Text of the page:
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Cuisine, Wine, & Spirits

Corned Beef & Cabbage—The Real Story & the Recipe!

Shortly before St. Patrick’s Day, many of us head to the store and pick up a corned beef. Next, we head to the produce section, picking up a bag of potatoes and a round, firm cabbage. We prepare to celebrate all things Irish! Strangely, corned beef and cabbage is not an Irish dish; you’re more likely to find it in a deli than on a traditional Irish family’s dinner table. How did our March 17th meal become as Irish as Guinness? Read on!

In medieval Ireland, cattle were a sign of wealth and even considered sacred. In rural communities, they were work animals that were only eaten when they got too old to plow the fields. During the Elizabethan period, the age-old Gaelic life went by the side of the road.

The Cattle Acts of 1663 and 1667 were passed by the British—Ireland had perfect grazing land. (The British became beef eaters when the Romans invaded them.) From the first colonization of Ireland, Scotland, and North America, the British aristocracy could not get enough beef. A symbol of wealth, a good roast was the only meal you would serve when trying to impress a peer.

Those same Cattle Acts prohibited the export of live cattle to England. Cattle flooded the Irish marketplace, and the meat had to be salted in order to keep it from spoiling. Ireland had excellent beef and local salt.  Irish corned beef, “corned beef” was a term created by the British, was the best in the world.

The French and British navies, plus the American colonies, fell in love with corned beef. As often happens in such economies, the people who produced the product—Irish locals—could not afford the beef themselves. When they could get their hands on meat, it was bacon. First grown in South America sometime between 5000 and 8000 BC, the potato became the mainstay of the Irish diet. It arrived in the British Isles’ large ports, mostly Cork, between 1588 and 1593.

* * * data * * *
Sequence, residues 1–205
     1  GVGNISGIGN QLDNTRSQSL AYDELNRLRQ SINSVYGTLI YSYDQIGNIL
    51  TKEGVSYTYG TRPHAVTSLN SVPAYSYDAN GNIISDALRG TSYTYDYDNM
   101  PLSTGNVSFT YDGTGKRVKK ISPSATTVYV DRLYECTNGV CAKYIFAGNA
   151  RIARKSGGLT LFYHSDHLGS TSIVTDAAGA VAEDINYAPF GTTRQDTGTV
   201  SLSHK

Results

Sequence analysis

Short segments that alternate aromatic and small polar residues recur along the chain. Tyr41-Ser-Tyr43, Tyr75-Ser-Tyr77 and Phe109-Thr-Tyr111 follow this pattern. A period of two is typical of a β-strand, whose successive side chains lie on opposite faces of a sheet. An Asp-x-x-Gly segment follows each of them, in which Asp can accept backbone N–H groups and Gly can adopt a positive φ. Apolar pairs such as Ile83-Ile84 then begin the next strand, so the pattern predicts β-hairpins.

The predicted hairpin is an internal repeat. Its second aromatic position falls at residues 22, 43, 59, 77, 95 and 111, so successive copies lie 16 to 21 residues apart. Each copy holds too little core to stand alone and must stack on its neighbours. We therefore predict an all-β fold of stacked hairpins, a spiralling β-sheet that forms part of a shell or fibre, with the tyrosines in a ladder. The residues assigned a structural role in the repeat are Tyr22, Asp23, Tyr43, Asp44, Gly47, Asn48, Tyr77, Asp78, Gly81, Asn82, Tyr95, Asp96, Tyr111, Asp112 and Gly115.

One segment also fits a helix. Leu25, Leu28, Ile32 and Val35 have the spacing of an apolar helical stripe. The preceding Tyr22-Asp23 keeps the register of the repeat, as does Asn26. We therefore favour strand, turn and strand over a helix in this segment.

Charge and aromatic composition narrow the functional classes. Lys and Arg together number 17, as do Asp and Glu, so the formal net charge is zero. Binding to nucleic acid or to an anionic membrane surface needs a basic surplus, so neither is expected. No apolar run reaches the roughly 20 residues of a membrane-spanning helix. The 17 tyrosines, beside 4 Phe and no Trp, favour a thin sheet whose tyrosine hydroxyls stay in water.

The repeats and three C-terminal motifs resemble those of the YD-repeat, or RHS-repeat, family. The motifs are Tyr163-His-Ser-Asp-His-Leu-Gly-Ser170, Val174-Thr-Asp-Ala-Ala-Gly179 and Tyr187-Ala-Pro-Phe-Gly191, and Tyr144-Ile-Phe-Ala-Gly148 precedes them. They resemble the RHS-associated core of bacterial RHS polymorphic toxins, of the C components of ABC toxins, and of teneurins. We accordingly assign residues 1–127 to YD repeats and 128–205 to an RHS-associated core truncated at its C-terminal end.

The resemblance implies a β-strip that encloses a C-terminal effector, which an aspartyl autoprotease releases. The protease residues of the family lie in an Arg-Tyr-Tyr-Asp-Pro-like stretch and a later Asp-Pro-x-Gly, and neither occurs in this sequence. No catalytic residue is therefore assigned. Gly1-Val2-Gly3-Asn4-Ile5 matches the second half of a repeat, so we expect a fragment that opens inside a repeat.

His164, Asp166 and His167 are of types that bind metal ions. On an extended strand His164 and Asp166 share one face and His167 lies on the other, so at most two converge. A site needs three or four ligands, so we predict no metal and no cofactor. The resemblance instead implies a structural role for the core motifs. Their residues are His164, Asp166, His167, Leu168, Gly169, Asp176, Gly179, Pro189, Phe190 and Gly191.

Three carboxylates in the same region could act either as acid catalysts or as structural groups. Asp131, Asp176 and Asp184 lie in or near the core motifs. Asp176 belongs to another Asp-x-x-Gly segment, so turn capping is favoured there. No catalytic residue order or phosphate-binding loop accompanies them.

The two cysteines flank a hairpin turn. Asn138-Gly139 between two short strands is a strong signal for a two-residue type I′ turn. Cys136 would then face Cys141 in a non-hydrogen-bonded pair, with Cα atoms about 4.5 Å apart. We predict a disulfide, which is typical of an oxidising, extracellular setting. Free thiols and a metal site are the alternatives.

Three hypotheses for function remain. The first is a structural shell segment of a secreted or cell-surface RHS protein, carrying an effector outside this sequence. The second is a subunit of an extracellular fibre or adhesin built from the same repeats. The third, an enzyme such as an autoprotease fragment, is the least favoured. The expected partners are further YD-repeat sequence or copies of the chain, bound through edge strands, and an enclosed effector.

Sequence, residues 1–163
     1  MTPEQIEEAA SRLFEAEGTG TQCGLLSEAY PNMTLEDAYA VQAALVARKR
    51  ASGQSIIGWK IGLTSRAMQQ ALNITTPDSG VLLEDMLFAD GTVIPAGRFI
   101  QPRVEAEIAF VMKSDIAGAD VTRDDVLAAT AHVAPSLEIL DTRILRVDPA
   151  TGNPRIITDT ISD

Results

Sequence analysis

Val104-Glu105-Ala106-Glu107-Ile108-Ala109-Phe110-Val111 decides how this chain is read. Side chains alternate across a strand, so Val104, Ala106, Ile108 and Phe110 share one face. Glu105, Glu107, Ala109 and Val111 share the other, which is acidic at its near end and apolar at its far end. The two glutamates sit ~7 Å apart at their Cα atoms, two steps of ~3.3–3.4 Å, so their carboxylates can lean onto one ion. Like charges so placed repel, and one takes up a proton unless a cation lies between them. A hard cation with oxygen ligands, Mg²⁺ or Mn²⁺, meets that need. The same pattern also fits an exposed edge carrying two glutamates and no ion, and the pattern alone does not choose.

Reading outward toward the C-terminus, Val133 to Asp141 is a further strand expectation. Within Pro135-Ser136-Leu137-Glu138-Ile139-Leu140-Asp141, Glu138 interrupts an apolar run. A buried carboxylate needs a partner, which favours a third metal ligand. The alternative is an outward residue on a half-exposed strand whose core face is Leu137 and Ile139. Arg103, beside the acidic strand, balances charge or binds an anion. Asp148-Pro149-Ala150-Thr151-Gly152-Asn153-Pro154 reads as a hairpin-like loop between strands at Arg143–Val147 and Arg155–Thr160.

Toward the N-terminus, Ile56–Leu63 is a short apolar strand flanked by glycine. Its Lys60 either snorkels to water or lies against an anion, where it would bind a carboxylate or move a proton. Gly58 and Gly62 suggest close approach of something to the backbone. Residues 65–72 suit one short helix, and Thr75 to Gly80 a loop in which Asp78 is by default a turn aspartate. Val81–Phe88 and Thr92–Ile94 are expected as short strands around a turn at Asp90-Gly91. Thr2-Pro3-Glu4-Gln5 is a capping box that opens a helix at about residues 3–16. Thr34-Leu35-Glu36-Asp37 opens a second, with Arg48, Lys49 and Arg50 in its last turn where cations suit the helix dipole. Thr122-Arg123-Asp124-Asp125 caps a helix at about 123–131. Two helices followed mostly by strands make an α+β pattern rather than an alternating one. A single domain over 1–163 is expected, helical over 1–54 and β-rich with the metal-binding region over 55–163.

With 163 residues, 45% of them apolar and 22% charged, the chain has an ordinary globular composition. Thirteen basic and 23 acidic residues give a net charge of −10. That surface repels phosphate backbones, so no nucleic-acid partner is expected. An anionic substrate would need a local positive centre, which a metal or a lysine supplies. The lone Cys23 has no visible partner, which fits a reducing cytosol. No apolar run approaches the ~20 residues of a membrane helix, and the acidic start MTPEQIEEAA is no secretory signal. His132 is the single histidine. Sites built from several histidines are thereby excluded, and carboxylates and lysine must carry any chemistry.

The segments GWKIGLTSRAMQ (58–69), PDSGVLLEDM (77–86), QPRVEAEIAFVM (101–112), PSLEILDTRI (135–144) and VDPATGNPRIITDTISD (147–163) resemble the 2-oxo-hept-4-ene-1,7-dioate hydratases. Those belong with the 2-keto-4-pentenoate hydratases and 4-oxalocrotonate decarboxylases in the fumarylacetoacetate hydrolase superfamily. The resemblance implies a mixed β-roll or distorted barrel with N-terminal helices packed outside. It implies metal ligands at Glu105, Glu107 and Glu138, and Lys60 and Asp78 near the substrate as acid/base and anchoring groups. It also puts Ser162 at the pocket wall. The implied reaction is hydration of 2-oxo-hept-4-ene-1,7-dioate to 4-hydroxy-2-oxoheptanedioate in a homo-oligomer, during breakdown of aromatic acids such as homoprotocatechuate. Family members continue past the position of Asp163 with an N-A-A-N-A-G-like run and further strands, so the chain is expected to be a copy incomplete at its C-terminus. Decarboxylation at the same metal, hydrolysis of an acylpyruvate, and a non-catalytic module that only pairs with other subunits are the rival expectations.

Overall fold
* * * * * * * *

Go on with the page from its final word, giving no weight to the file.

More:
By the end of the 18th century, North America was making plenty of its own corned beef, and the Irish imported beef market tanked. Still reeling from the loss of revenue, the potato blight hit in 1845, and the Great Famine ran rampant throughout Ireland. One million citizens immigrated to the United States; Ireland’s population has not reached the pre-famine level since.

In the U.S., the Irish mostly settled in cities and many moved into the same neighborhoods as the Jewish immigrants from Central and Eastern Europe. Both ethnic groups faced fierce prejudice, had lost their homeland, and had been oppressed. At that time, the Irish picked up their corned beef (they could now afford it) from kosher butcher shops. What we know as corned beef today was made from a cut of kosher meat called the brisket. It is tough and it requires salting and a long time to cook.

Irish Americans turned St. Patrick’s Holy Feast Day into a day that celebrated their lost heritage. They tossed in the potatoes they loved so well and cooked the meat with the cheapest vegetable they could find, the lowly cabbage. President Lincoln, a man of humble tastes, chose to serve corned beef and cabbage for his first inaugural luncheon—it was his favorite meal.


  • 1 4-pound corned beef brisket
  • 15-25 black peppercorns
  • Pickling spices, to taste
  • Bay leaves
  • 1 solid head of green cabbage
  • ½ potato per person
  • Horseradish
  • Mustard, in any style you choose.  (Whole grain is particularly nice.)


1. Wash the brisket to get rid of the brine and place it in a deep pot with enough water to cover it.

2. Add the bay leaves, 2 or 3 is plenty, and the peppercorns plus other spices, to taste.

3. Simmer covered until you can put in a fork in the middle, and the meat is tender. Plan on three to four hours.

4. Boil the potatoes in a separate pot for approximately 30 minutes.  Do not leave them in the water too long, or they will be mushy!

5. Remove the meat from the pot and place on cutting board. Let sit while cabbage cooks.

6. Place cabbage in the water to boil for fifteen minutes. Remove from water.

7. Cut the corned beef into slices. Cut against the grain, or the meat will fall in chunks.

8. Place the corned beef, cabbage, and potatoes on a platter, and pass around the table.

Each person may want to add horseradish and mustard to taste.

The parades, Chicago’s river-turned-green, corned beef and cabbage… This St. Patrick’s Day, celebrate all things that are Irish-American with good cheer, a pint of stout, and rollicking music!